Step Four- Now that you have read his post and you will have some idea of what I’m talking about do these steps to be able to balance your crank with bearing and con rod attached.

A. Take the complete weight of the connecting rod small end and the total weight of the piston and rings, piston pin, small end bearing and clips (for me it is 102g)

To find the weight of the small end of the con rod set it on a scale like this.

B. Multiply the figure (102 grams for me), by your desired balance factor. For arguments sake, I’ll use a mid to high rpm balance factor figure of 57%
102g. x 0.57= 58.14g.

{ the balance factor is where the engine will hit its smooth balanced sweet spot in the rpm range. Low 50s% will set the sweet spot for low rpm’s were as high 50s to low 60s will have the engine run smoothest a high rpm’s. I’m using 57% as a balance factor because as I accelerate I want the ride to get smoother like a real single cylinder enduro would. However I’m not setting it so high that the sweet spot is unattainable, but it’s up to personal preference were you want the sweet spot to be }

C. Add the total weight of the large con rod end and large needle bearing to the balance factor figure of "B." 47.4g + 58.14g = 105.54g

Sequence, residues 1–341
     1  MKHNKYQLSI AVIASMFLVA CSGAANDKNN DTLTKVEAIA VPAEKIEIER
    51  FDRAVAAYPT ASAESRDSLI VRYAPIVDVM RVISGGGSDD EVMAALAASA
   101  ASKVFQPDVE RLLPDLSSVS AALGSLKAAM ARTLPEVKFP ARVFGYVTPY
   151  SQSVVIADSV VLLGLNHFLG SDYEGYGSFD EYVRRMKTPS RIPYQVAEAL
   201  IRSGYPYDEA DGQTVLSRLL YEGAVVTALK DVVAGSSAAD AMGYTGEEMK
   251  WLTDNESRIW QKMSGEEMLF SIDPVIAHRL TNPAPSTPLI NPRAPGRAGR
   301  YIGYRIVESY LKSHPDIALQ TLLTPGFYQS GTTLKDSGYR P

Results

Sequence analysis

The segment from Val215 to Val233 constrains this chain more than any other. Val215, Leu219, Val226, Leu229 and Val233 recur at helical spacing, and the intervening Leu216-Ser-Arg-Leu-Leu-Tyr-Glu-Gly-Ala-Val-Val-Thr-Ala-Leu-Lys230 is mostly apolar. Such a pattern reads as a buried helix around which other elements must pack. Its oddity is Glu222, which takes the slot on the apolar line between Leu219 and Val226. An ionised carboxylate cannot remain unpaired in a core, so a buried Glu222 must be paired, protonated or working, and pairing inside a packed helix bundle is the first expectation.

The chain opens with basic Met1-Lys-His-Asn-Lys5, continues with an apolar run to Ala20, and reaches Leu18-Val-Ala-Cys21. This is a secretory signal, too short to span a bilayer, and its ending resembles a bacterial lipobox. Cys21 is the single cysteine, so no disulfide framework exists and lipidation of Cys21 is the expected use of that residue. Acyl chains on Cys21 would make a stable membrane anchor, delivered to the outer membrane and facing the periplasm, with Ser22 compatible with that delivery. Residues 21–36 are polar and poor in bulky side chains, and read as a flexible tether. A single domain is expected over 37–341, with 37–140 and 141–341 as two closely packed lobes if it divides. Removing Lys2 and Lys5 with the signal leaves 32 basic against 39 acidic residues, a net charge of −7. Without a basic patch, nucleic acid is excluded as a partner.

Bob weight to use when balancing the crank shaft at 57% balance factor is 105.54g.

{ There is no way of finding the weight of the large con rod end and the large needle bearing without taking them off the crank. Because "Big-E" was so accurate when he said that the small end con rod and the piston assembly weighed 105 grams (mine weighed 102 grams) I'm going to trust that his measurement for the weight of the large con rod end and the large needle bearing are just as accurate, so for those two parts use the figure 47.4 grams. }

D. Now at this time you would use the bob weight and attach it to the crank pin WITH THE CON ROD AN NEEDLE BEARING OFF. But because you and I don’t have that luxury how are we going to balance the crank with that pesky unknown weight of the bearing and con rod stuck on there?